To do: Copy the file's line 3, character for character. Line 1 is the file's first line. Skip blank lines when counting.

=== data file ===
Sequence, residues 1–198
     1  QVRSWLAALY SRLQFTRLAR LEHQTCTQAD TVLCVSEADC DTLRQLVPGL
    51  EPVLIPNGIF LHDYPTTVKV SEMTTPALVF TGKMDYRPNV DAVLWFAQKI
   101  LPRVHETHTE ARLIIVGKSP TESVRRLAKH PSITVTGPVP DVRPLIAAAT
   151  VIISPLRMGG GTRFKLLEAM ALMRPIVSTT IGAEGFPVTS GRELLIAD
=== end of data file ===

    51  EPVLIPNGIF LHDYPTTVKV SEMTTPALVF TGKMDYRPNV DAVLWFAQKI